Several studies have demonstrated that 20 mL/100 g/minute Xe-CT CBF is an important threshold to define potentially reversible acute ischemic lesions.12–15 Results of our study suggest that thresholds of Tmax >4 seconds and MTT >10 seconds can detect critical hypoperfusion defined by Xe-CT CBF <20 mL/100 g/minute with a sensitivity and specificity >70%. A significant amount of ischemic penumbra was unlikely to be present in most of our patients because they were scanned a median of 12 days after symptoms onset. However, 95% of the ROIs with a Xe-CT CBF <20 mL/100 g/minute were ipsilateral to the symptomatic vessel lesion and associated with restricted DWI lesions, suggesting the persistence of severe hypoperfusion.

In the recent clinical trials Diffusion and Perfusion Imaging Evaluation for Understanding Stroke Evolution (DEFUSE) and Echoplanar Imaging Thrombolytic Evaluation Trial (EPITHET), a threshold of Tmax >2 seconds was used to define critically hypoperfused brain tissue 3 to 6 hours after symptom onset.16,17 In the present study, PWI Tmax acquisition and processing were performed in the same manner as in DEFUSE. ROC curve analysis found that a Tmax threshold >2 seconds could predict Xe-CT CBF <20 mL/100 g/minute with 100% sensitivity but only 12% specificity. Substudies from both DEFUSE and EPITHET have recently reported that Tmax values >4 seconds or >6 seconds more accurately predicted penumbral salvage and infarct growth than the >2-second threshold.18,19 Another study found that Tmax values >6 seconds or >8 seconds correlate well with final infarct volume.20 In addition, a recent study found that Tmax values between >4 seconds and >6 seconds could identify acute ischemic penumbra as assessed by PET scan.3 Therefore, multiple lines of evidence indicate that the commonly used threshold of Tmax >2 seconds overestimates critical hypoperfusion in stroke patients and more severe thresholds should be adopted in future clinical trials.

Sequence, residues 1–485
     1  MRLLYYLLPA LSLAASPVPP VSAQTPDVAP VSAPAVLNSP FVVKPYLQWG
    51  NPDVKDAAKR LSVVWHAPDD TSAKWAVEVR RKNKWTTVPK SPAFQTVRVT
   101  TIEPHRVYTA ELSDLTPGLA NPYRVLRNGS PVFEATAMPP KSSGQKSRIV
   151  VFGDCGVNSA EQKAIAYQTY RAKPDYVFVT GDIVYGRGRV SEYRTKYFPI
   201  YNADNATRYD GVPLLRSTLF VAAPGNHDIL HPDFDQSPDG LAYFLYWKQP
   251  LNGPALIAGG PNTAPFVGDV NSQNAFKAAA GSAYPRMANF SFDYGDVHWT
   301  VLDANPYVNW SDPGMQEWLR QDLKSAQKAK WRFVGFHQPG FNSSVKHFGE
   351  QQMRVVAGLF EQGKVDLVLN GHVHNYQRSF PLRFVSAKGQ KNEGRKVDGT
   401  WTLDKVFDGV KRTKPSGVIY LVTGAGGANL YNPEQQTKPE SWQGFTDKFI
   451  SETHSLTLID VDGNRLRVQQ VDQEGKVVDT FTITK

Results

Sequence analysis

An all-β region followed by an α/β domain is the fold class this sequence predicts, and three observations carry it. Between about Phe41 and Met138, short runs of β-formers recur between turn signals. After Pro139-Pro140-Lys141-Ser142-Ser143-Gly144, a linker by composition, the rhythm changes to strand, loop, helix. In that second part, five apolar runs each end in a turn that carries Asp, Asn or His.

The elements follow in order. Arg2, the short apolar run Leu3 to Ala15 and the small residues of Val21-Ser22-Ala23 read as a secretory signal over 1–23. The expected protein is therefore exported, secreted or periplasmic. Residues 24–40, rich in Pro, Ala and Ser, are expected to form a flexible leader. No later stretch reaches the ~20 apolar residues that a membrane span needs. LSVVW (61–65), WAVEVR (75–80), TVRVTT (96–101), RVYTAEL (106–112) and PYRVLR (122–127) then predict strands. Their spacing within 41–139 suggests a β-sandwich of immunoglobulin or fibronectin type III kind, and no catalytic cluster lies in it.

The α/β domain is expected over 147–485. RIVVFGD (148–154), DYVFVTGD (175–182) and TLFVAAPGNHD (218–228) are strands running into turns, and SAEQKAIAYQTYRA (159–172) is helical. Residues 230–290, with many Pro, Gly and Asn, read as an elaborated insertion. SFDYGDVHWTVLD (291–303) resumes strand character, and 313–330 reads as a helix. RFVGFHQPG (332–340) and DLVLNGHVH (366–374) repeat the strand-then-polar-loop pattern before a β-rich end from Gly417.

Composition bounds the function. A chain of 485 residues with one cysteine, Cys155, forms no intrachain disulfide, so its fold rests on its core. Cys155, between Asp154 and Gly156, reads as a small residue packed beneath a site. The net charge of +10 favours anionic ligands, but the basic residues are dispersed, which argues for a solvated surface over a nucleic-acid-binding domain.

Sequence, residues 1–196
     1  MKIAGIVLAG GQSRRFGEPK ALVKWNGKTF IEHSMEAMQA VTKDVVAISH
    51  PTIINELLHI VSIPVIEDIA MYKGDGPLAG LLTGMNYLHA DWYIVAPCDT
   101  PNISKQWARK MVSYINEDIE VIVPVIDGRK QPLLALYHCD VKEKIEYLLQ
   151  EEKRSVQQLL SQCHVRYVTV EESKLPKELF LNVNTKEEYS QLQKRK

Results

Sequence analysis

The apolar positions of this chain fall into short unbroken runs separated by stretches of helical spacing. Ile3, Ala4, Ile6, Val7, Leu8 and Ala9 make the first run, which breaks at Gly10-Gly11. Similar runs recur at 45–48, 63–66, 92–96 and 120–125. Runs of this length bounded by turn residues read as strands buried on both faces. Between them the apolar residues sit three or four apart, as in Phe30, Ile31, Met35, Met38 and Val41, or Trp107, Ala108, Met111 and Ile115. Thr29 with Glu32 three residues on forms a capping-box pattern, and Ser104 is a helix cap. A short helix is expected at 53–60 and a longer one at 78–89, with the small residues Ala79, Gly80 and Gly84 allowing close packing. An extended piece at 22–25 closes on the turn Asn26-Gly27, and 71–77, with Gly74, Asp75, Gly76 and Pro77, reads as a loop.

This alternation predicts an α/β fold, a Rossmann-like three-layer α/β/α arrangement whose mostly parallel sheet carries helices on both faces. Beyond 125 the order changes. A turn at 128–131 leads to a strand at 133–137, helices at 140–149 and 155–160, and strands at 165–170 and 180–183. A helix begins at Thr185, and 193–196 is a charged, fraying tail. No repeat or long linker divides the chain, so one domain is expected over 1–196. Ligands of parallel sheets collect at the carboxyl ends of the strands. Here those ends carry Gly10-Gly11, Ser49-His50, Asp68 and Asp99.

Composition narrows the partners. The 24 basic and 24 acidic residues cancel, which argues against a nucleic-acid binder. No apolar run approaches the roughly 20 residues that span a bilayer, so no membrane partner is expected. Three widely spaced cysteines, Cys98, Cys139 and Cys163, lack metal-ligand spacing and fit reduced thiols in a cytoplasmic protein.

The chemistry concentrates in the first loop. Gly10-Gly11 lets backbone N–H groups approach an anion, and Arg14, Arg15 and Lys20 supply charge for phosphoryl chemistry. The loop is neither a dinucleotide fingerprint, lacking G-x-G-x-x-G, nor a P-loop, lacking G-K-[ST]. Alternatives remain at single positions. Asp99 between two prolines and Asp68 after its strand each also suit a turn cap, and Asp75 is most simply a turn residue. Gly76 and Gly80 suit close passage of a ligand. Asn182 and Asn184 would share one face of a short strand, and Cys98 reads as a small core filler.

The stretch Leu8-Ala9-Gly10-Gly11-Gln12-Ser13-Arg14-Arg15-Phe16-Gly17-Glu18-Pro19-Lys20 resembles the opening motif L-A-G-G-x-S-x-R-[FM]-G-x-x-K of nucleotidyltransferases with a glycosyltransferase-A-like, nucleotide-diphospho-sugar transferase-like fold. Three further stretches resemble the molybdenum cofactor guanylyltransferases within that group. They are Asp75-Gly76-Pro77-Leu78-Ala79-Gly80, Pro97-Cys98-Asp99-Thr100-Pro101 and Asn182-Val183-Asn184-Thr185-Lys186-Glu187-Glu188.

Our study has several limitations. The Improved PWI Methodology in Acute Clinical Stroke Study is an exploratory study of subacute stroke patients with Xe-CT as the gold standard. In contrast to MRI, Xe-CT evaluation is limited to four hemispheric slices. Therefore, our analyses were restricted by the spatial limitations of Xe-CT. We included subjects who were clinically stable and had limited neurologic deficits to facilitate performing both examinations within a short time period. Therefore, data from this study are not directly applicable to acute stroke patients.

Different PWI sequences and analyses techniques can be used to assess cerebral perfusion.4 We used absolute MTT and Tmax maps generated by deconvolution of the tissue concentration–over–time curve using an arterial input function from the MCA on the unaffected side. Different PWI acquisition or analysis techniques may produce different results. Future studies should compare additional techniques to clarify how PWI acquisition and analysis methods affect the correlations with Xe-CT results. In addition, gray vs white matter regions may have different correlations between PWI and Xe-CT. Larger studies are required to clarify relationships between Xe-CT and PWI in specific brain regions.

AUTHOR CONTRIBUTIONS

M. Mlynash conducted the statistical analysis.

Notes

Address correspondence and reprint requests to Dr. Jean-Marc Olivot, Department of Neurology and Neurological Sciences and the Stanford Stroke Center, Stanford University Medical Center, 701 Welch Rd., Suite 325, Palo Alto, CA 94304 ude.drofnats@tovilomj

Supported in part by NIH grants (5 R01 NS047607-04, 2R01EB002711, 1R21EB006860, P41RR09784, K23 NS051372).

Disclosure: The authors report no disclosures.

Received August 27, 2008. Accepted in final form December 16, 2008.